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Versions: (draft-djsmith-bgp-flowspec-oid) 00 01         Standards Track
          02 03 04 05 06 07 08 09 10 11 12 13 14                        
          15                                                            
Network Working Group                                          J. Uttaro
Internet-Draft                                                      AT&T
Updates: 8955 (if approved)                                   J. Alcaide
Intended status: Standards Track                             C. Filsfils
Expires: November 14, 2021                                      D. Smith
                                                                   Cisco
                                                            P. Mohapatra
                                                        Sproute Networks
                                                            May 13, 2021


        Revised Validation Procedure for BGP Flow Specifications
                   draft-ietf-idr-bgp-flowspec-oid-14

Abstract

   This document describes a modification to the validation procedure
   defined for the dissemination of BGP Flow Specifications.  The
   dissemination of BGP Flow Specifications requires that the originator
   of the Flow Specification matches the originator of the best-match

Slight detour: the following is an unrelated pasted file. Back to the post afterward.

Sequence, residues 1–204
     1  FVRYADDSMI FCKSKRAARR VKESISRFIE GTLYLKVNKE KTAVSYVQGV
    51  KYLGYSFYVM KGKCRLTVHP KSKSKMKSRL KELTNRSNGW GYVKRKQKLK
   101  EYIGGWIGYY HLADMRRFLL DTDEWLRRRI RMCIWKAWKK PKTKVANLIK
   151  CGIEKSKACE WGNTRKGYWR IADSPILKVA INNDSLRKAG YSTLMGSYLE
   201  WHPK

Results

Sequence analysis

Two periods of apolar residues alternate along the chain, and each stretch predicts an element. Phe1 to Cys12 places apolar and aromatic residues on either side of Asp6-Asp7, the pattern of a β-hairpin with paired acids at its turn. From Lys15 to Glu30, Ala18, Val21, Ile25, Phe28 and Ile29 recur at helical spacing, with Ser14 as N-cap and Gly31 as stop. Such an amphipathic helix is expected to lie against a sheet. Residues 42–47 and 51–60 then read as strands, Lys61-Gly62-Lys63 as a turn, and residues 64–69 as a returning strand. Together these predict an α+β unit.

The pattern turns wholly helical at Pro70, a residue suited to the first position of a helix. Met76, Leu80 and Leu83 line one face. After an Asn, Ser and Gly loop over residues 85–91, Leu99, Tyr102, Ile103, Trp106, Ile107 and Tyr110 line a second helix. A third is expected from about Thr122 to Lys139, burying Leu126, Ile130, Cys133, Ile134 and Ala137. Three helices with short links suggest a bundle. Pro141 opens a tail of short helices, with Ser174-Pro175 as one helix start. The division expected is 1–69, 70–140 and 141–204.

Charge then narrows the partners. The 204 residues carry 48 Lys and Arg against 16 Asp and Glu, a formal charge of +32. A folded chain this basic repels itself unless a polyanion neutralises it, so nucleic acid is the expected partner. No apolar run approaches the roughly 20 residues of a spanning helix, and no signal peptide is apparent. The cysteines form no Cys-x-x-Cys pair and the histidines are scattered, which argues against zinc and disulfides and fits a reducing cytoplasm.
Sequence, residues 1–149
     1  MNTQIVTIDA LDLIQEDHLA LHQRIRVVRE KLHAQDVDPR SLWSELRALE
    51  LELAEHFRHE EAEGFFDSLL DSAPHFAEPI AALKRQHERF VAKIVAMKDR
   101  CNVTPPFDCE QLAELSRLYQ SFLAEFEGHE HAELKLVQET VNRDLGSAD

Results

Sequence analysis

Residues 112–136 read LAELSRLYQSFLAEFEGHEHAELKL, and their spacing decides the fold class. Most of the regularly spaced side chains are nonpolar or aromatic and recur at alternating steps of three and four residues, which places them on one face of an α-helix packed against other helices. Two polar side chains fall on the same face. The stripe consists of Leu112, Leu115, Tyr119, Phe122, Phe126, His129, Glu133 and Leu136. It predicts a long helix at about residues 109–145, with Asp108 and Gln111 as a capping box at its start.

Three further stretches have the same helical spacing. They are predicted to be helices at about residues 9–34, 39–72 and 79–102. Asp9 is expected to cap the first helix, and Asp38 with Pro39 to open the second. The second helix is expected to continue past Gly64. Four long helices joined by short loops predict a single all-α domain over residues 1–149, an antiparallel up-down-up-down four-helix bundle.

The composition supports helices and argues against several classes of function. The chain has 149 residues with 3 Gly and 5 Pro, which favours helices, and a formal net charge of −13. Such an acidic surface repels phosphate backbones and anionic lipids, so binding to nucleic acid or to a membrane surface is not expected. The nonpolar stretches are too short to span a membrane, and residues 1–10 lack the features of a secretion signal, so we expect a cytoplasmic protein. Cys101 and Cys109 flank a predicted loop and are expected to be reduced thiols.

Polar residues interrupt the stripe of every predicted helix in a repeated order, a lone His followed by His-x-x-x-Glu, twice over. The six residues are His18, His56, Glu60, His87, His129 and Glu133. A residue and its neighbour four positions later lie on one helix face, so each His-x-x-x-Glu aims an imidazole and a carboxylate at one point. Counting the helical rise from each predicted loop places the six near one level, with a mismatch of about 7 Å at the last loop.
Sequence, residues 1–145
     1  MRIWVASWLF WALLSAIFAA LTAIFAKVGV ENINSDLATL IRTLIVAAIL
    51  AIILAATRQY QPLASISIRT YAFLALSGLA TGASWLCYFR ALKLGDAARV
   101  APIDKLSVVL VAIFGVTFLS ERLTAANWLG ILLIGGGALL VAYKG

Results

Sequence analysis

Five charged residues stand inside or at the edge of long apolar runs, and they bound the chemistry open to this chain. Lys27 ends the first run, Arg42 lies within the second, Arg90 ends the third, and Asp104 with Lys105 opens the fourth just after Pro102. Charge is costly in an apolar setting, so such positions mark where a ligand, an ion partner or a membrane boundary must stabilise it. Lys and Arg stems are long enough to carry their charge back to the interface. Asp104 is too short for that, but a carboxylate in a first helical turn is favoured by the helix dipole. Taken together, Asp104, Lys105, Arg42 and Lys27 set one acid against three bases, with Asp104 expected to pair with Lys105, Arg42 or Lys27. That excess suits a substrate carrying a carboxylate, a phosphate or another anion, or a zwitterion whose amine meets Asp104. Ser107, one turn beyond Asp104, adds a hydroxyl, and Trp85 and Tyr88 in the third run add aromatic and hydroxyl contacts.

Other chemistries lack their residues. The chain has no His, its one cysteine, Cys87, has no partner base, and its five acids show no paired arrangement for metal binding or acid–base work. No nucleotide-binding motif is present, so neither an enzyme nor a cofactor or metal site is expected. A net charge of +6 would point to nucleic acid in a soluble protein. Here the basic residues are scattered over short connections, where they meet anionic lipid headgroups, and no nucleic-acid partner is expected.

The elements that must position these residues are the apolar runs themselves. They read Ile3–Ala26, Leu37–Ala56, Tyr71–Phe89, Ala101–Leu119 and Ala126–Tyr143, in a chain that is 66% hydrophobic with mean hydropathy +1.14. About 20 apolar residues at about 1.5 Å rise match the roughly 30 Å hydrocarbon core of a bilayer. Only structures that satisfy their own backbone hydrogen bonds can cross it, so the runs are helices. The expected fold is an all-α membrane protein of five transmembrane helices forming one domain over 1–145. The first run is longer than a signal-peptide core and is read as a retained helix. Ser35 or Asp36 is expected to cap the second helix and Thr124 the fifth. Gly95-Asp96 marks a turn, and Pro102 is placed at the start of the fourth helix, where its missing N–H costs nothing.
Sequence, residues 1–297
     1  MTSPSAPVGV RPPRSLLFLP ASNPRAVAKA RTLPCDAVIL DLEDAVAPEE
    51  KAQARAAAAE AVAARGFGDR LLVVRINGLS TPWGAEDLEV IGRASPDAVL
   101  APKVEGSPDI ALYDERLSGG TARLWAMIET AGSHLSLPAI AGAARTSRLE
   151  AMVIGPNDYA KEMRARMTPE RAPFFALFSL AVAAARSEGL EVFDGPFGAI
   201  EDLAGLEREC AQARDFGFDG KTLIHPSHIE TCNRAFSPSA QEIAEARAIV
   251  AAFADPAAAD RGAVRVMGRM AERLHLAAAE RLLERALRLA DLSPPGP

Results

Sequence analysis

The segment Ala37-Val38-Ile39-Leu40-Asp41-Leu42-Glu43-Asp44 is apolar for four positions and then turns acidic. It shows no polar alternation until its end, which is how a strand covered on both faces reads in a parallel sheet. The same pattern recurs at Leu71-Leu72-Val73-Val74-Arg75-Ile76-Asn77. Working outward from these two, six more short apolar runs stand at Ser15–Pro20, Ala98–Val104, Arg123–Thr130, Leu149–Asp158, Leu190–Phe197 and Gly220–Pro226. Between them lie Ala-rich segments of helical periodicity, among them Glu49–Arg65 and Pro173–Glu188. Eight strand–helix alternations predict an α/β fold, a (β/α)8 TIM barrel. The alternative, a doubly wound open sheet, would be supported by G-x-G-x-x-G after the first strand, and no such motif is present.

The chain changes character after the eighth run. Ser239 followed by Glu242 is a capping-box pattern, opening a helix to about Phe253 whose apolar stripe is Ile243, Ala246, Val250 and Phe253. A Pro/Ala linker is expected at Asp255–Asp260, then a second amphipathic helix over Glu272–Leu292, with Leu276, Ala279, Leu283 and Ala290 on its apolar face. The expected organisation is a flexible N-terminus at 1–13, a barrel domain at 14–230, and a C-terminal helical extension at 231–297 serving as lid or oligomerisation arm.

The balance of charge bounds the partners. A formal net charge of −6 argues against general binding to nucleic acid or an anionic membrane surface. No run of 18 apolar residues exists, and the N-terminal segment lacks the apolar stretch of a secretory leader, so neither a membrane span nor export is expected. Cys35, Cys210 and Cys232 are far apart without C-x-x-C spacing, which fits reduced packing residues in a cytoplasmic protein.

unicast route for the destination prefix embedded in the Flow
   Specification.  For an iBGP received route, the originator is
   typically a border router within the same autonomous system.  The
   objective is to allow only BGP speakers within the data forwarding
   path to originate BGP Flow Specifications.  Sometimes it is desirable
   to originate the BGP Flow Specification from any place within the
   autonomous system itself, for example, from a centralized BGP route
   controller.  However, the validation procedure will fail in this
   scenario.  The modification proposed herein relaxes the validation
   rule to enable Flow Specifications to be originated within the same
   autonomous system as the BGP speaker performing the validation.
   Additionally, this document revises the AS_PATH validation rules so
   Flow Specifications received from an eBGP peer can be validated when
   such peer is a BGP route server.

   This document updates the validation procedure in [RFC8955].

Status of This Memo

   This Internet-Draft is submitted in full conformance with the
   provisions of BCP 78 and BCP 79.

   Internet-Drafts are working documents of the Internet Engineering
   Task Force (IETF).  Note that other groups may also distribute
   working documents as Internet-Drafts.  The list of current Internet-
   Drafts is at https://datatracker.ietf.org/drafts/current/.





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   Internet-Drafts are draft documents valid for a maximum of six months
   and may be updated, replaced, or obsoleted by other documents at any
   time.  It is inappropriate to use Internet-Drafts as reference
   material or to cite them other than as "work in progress."

   This Internet-Draft will expire on November 14, 2021.

Copyright Notice

   Copyright (c) 2021 IETF Trust and the persons identified as the
   document authors.  All rights reserved.

   This document is subject to BCP 78 and the IETF Trust's Legal
   Provisions Relating to IETF Documents
   (https://trustee.ietf.org/license-info) in effect on the date of
   publication of this document.  Please review these documents
   carefully, as they describe your rights and restrictions with respect